Solaris Directory Structure (File System Structure) Explained with Examples

by SathiyaMoorthy on November 24, 2010

Earlier we discussed about Linux Directory Structure. This article is similar, but for Solaris.

1. / – Root

  • Every single file and directory starts from the root directory.
  • Only root user has write privilege under this directory.
  • / is also the root account home directory.

2. /dev – Device files.

  • Contains device files.
  • These include terminal devices, usb, or any device attached to the system.
  • For example: /dev/tty1, /dev/usbmon0

3. /etc – Configuration files

  • Contains configuration files required by all programs.
  • This also contains startup and shutdown shell scripts used to start/stop individual programs.
  • For example: /etc/services, /etc/resolv.conf, /etc/inetd.conf

4. /home – Home Directories

  • Home directories for all users to store their personal files.
  • For example: /home/john, /home/nikita

5. /kernel – Kernel Components

  • Contains kernel components common to all platforms within a particular instruction set that are needed for booting the system.

6. /sbin – System Binaries

  • Just like /bin, /sbin also contains binary executables.
  • But, the commands located under this directory are used typically by system administrator, for system maintenance purpose.
  • For example: fdisk, mount, swapadd

7. /bin – User Binaries

  • this points to /usr/bin
  • All binaries are located under /usr/bin.

8. /lib – System Libraries

  • Contains library files that supports the binaries located under /bin and /sbin
  • Library filenames are lib*.so.*
  • For example: libmtsk.so, libncurses.so.5.7

9. /mnt – Mount Directory

  • Empty folder generally used for mounting file systems.

10. /opt – Optional add-on Applications

  • opt stands for optional.
  • Contains add-on applications from individual vendors.
  • add-on applications should be installed under either /opt/ or /opt/ sub-directory.

11. /platform – Platform Definition files

  • Contains platform definition files.
  • For example: /platform/SUNW,SPARC-Enterprise-T3120, /platform/SUNW,Sun-Blade-T6340

12. /proc – Process Information

  • Contains information about system process.
  • This is a pseudo filesystem contains information about running process. For example: /proc/{pid} directory contains information about the process with that particular pid.
  • This is a virtual filesystem with text information about system resources. For example: /proc/uptime

13. /tmp – Temporary files

  • Directory that contains temporary files created by system and users.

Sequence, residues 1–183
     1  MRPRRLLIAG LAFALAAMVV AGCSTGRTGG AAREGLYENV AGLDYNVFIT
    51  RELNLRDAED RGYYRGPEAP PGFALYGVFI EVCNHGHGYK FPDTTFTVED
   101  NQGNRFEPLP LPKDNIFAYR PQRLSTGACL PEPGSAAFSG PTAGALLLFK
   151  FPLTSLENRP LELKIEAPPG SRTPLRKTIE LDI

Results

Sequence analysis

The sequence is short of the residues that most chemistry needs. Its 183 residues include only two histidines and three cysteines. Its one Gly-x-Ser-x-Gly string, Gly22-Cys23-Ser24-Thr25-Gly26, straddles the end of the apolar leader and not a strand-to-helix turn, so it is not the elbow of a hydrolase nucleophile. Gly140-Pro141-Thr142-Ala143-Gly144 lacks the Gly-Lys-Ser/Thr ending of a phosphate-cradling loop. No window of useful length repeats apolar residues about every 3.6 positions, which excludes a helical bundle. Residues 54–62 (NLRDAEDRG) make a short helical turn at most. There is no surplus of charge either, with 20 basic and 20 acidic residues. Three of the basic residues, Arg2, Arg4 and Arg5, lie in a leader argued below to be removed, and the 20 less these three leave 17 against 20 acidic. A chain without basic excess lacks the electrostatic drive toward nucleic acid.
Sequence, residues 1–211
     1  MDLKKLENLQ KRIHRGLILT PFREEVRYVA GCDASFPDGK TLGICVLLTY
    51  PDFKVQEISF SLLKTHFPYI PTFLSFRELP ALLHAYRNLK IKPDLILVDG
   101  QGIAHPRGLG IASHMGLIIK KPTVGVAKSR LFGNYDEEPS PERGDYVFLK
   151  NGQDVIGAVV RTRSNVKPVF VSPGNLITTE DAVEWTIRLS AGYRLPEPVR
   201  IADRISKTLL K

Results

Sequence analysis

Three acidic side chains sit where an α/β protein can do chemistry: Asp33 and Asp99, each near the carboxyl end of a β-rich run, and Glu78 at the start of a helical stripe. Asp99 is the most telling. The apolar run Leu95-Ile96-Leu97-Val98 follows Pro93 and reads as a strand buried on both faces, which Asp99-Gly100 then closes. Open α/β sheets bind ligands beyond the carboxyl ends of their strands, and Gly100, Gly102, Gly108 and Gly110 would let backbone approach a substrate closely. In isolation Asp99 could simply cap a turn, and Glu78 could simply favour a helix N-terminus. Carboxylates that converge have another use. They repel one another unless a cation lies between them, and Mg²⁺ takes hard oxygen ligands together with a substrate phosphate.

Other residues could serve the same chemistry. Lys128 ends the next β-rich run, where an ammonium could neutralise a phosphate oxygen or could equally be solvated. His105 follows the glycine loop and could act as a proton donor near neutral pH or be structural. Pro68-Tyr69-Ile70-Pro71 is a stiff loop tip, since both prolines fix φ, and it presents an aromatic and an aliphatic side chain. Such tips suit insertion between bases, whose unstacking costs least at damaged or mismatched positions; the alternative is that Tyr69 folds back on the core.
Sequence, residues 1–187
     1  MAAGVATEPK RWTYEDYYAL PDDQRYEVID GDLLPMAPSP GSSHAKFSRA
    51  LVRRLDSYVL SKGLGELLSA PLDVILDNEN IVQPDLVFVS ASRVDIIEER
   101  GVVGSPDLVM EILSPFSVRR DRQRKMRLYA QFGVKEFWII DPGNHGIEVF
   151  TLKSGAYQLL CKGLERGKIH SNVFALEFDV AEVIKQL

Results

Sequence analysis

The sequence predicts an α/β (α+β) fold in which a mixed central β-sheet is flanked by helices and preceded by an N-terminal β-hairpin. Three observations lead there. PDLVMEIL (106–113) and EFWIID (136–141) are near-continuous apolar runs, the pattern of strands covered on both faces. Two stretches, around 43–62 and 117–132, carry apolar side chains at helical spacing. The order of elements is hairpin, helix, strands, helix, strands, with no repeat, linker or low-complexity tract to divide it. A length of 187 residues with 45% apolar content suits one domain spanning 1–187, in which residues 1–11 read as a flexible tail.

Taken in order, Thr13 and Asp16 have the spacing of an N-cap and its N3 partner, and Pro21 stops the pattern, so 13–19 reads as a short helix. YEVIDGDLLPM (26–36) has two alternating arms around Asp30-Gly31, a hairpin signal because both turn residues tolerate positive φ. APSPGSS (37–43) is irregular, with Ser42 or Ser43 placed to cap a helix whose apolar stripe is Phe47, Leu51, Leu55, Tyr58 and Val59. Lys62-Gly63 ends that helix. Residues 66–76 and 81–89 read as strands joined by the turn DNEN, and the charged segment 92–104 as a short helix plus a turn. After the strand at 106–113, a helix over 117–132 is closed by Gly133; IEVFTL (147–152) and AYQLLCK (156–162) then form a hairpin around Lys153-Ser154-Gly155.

• Files under this directory are deleted when system is rebooted.

14. /usr – User Programs

  • Contains /usr/bin which is been linked from /bin.
  • Contains certain other links such as spool, news, man, mail.

15. /var – Variable files

  • var stands for variable files.
  • Content of the files that are expected to grow can be found under this directory.
  • This includes system log files (/var/log); packages and database files (/var/lib); emails (/var/mail); print queues (/var/spool); temp files needed across reboots (/var/tmp);

16. /vol – Volumes directory

  • Disk volumes mounted under this directory.

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{ 7 comments… read them below or add one }

1 kiranjith November 24, 2010 at 3:42 am

can verify again the default home directory in Solaris…
is shud be /export/home

2 winky December 6, 2010 at 6:53 am

i can confirm this. there is no /home in solaris, unless you link it to /export/home.

3 kiranjith December 6, 2010 at 3:06 pm

its must a typo..
We shuld really appreciate Ramesh for his effort..
Keep it up the good work.. :)
I Luv u r blog

4 L M Jennings July 6, 2011 at 11:57 am

What about the /system directory?

5 Laxmi November 8, 2011 at 12:17 am

The Article was seriously nice….want to know if really in solaris the /home directory does not exist…and is there any link between /export/home an /home.Please help.

6 Perry Shelton May 27, 2013 at 2:02 pm

Thank youi for posting this material concerning the breakdown of the Solaris 10 OS Directory Hierarchy. That was so cool! Again, thank you for the work that you have done for us all.

Please keep up the good work that you done!

7 andresvia March 12, 2014 at 6:58 am

Exactly what is /vol ?

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